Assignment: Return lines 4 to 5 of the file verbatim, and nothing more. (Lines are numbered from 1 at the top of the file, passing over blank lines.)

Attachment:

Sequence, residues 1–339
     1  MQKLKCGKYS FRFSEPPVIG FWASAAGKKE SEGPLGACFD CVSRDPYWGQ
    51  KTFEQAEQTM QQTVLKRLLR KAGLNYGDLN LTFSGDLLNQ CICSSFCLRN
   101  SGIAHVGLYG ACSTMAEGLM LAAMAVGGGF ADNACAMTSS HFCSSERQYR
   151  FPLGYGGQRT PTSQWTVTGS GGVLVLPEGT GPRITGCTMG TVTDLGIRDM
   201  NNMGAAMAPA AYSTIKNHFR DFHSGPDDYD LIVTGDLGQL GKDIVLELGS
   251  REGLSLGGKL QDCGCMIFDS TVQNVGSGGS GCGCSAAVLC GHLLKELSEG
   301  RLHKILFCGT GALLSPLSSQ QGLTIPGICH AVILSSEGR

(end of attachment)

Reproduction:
   101  SGIAHVGLYG ACSTMAEGLM LAAMAVGGGF ADNACAMTSS HFCSSERQYR
   151  FPLGYGGQRT PTSQWTVTGS GGVLVLPEGT GPRITGCTMG TVTDLGIRDM